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A large company is planning a new office campus. The campus will consist of two buildings, A and B, and they anticipate that much people will have to cross over from one building to the other one during a working day. To save people from having to go all the way down to the ground floor and up again, they plan to make some bridges between the buildings.
You are asked to make a program that finds the optimum placement of the bridges. All bridges are to be horizontal, from floor x in A to the same floor x in B. The optimum placement is defined as the placement where the sum of traversed stairs is at a minimum, when the sum is taken over all possible starting floors in A and ending floors in B. (I.e., we suppose that the number of traverses from floor x in A to floor y in B is a constant (=1) for every x and y.) Note that once the bridges are built, some people still might prefer to walk down to the ground floor if it results in less stairs to traverse.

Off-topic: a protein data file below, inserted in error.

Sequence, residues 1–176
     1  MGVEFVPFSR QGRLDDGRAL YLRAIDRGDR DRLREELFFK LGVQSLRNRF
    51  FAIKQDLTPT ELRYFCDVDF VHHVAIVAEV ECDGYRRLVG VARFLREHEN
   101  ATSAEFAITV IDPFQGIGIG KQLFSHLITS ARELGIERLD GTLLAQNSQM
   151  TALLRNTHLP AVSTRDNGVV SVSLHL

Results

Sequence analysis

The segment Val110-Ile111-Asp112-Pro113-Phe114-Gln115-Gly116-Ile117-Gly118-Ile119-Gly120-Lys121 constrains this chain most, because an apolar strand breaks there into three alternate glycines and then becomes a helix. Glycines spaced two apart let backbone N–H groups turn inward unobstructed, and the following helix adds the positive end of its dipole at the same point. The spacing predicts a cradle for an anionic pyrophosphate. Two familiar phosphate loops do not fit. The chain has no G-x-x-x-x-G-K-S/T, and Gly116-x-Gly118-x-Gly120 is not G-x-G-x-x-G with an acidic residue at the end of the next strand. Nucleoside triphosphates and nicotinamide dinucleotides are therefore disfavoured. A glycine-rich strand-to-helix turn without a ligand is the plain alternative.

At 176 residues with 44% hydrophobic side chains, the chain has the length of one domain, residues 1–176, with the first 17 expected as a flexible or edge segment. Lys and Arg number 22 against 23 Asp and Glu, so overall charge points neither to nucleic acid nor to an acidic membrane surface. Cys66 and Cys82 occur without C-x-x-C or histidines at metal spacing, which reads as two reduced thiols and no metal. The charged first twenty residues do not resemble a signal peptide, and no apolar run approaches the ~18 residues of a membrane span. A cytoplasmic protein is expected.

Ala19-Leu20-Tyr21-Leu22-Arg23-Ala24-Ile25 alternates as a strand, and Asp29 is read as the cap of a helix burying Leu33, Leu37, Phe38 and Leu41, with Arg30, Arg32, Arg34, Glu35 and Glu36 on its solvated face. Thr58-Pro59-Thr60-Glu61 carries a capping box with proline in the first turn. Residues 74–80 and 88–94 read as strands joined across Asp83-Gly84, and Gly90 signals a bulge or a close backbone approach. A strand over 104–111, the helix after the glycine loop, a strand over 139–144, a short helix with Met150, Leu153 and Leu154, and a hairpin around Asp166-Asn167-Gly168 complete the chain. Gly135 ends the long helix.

In some cases, more than one set of bridge placements can give optimum. In these cases, choose the placement with the lowest bridges; thus, bridges 1, 2, 3 is preferred to 1, 2, 4, and 1, 8, 9 is preferred to 2, 3, 4.
One or more lines, each with three positive integers: the heights of the buildings and the number of bridges.
The input is terminated by a line containing the number -1.
For each input line we want two lines. The first with an integer showing the minimum sum of traversed stairs, and the next line showing the bridge placements. Ground level is reported as 0; the highest floor is x − 1 when the height is x.
10 6 2 15 20 8 -1
200 2 5 1882 1 2 4 6 8 10 12 14